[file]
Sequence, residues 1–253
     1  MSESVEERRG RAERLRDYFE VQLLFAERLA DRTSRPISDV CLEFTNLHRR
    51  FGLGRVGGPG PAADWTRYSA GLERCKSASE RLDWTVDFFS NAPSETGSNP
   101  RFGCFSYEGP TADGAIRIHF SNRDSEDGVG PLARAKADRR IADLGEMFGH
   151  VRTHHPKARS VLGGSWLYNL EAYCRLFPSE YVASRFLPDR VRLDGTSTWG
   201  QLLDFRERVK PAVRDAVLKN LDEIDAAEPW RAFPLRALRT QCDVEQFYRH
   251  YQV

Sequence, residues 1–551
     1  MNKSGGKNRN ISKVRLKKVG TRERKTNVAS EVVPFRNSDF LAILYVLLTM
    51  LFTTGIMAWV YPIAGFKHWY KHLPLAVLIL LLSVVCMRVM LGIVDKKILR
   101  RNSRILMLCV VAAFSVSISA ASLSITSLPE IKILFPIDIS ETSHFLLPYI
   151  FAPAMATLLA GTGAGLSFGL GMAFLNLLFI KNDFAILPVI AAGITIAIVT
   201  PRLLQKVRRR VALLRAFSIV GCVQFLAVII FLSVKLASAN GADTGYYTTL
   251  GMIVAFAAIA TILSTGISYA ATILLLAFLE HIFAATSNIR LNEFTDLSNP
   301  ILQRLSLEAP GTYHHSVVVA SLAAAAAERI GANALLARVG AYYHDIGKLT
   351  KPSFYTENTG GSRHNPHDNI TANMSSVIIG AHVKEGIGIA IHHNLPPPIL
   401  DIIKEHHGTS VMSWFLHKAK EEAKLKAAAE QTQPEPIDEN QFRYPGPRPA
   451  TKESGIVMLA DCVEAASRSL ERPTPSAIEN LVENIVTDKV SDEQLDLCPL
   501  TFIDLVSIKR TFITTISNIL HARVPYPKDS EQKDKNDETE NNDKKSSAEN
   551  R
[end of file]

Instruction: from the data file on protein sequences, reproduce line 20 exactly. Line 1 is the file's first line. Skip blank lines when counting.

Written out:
   551  R